Don’t let the hawks win

November 21, 2011

The Supercommittee has failed. Their mandate to cut $1.5 trillion from the federal budget over 10 years was too great a hurdle for its members to climb. Now the automatic provisions of the Budget Control Act of 2011 will kick in. These require half of the $1.2 trillion in spending reductions to come from the Departments of Defense, Homeland Security, and Veterans Affairs; the National Nuclear Security Administration; some management functions of the intelligence community; and the international affairs budget from the State Department.

Already the fight over these required cuts is on. The war hawks in Congress are starting to circle in an effort to kill the automatic cuts to the military that are included in Budget Control Act. Reuters reports:

[T]he defense industry turns to lawmakers to undo the automatic cuts known as “sequestration.”

Top Republicans, including Senator John McCain, have already said they will pursue legislation to do just that, although President Barack Obama has said he would not support such a move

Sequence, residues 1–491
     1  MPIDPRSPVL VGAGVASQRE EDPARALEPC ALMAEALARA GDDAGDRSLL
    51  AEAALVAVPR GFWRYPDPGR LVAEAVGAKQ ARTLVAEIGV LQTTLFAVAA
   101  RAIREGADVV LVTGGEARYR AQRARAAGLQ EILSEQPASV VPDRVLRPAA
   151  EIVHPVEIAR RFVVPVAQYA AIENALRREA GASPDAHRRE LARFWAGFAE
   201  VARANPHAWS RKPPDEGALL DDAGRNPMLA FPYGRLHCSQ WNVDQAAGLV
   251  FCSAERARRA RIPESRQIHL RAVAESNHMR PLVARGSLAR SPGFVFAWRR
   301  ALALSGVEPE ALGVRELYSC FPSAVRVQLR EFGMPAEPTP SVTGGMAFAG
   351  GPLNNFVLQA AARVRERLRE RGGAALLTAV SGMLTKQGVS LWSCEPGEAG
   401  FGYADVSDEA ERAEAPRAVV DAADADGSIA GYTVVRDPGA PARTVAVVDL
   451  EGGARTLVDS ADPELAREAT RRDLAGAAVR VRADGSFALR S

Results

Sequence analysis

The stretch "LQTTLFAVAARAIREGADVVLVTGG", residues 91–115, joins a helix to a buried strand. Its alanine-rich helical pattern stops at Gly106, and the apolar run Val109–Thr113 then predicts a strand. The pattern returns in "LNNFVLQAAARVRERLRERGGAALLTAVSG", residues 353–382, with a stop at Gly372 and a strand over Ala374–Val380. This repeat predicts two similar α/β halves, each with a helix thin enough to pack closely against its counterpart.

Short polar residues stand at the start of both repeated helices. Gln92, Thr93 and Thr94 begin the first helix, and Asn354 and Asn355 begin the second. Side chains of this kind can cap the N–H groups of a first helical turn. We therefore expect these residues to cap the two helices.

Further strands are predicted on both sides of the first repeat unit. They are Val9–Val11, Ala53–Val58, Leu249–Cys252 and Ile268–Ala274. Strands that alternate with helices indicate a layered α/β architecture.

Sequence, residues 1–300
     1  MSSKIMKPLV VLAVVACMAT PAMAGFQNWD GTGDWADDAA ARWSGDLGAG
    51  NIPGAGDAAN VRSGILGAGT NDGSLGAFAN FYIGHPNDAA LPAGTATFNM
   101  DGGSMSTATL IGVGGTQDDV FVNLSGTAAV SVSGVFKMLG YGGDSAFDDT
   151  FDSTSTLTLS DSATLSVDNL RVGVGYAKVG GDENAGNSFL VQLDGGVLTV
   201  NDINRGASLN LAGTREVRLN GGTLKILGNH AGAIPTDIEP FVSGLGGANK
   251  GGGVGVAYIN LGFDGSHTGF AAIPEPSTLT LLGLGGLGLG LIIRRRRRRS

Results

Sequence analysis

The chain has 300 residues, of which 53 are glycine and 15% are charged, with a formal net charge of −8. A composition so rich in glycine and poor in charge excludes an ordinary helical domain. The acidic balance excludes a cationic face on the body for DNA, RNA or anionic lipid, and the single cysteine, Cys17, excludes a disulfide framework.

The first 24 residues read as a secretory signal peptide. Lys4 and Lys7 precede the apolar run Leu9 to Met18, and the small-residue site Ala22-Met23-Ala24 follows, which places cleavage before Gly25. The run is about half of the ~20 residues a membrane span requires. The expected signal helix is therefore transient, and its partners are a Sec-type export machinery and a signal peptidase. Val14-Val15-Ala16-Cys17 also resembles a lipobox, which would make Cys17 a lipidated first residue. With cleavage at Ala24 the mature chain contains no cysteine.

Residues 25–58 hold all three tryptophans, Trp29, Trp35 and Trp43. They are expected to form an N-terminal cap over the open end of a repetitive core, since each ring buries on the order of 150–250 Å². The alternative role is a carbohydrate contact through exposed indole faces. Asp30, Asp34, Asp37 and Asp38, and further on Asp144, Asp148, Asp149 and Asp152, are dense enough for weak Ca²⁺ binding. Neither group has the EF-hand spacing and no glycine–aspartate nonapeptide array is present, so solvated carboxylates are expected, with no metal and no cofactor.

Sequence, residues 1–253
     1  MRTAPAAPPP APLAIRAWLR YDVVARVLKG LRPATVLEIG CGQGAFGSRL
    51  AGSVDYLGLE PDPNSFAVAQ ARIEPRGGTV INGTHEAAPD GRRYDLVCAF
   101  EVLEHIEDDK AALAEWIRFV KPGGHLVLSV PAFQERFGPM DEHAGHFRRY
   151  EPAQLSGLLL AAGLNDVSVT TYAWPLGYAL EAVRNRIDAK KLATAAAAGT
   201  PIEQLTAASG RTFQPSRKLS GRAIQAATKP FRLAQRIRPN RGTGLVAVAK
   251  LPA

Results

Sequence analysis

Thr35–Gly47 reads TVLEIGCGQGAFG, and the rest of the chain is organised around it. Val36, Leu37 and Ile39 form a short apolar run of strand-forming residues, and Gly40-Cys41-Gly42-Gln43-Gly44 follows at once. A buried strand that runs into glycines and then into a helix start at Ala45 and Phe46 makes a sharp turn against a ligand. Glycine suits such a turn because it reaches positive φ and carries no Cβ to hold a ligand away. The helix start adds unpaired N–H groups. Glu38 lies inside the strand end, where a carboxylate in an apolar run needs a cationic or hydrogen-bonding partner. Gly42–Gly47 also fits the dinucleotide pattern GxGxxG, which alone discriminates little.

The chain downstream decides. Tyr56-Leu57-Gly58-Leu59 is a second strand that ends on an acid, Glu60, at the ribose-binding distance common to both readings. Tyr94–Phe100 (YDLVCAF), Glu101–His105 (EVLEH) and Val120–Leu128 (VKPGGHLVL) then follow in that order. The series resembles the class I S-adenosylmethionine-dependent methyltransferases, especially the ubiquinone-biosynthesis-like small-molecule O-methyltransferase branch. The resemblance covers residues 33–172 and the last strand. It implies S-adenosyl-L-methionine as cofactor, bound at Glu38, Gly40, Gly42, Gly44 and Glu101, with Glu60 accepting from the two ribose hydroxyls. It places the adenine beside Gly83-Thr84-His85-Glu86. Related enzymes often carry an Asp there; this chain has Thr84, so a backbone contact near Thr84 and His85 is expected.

Republican Senator Jeff Sessions of Alabama, the ranking member of the Senate Budget Committee, says in the Bloomberg video above that across-the-board cuts would not apply to Social Security, Medicaid, Medicare beneficiaries, civil and military employee pay, or veterans. He says these areas need to equally share in budget cuts. There are certainly reductions that can be made in every area of the gargantuan federal budget. But I think we really need to dig deep when members of Congress fight to protect the U.S. military on grounds of global insecurity. In the case of Senator Sessions it’s useful to know a little about the dominance of military spending in his state. Bloomberg did a brilliant article last week that explained:

Overall defense spending in Madison County, [Alabama] jumped 76 percent over a decade to $15,889 a person, the sixth-highest in the country, based on data compiled by Bloomberg. In the six years since the nationwide base realignment, military contracts in the area have swelled 48 percent to $32 billion, bringing in 4,650 new government jobs.

The United States spent approximately $700 billion, or 4.7 percent of GDP in 2010, on the military. China, a much bigger nation, spent $114B, or 2.2 percent of their GDP.

For a nation who borrows 40 cents of every federal dollar we spend, this is wholly unsustainable. There will have to be reductions of our estimated 700 to 1,000 military installations around the world and of our massive domestic military-industrial complex. It’s time for Congress to get us off the great historic debt path. Reducing our massive military spending is the first place to make substantial reductions.

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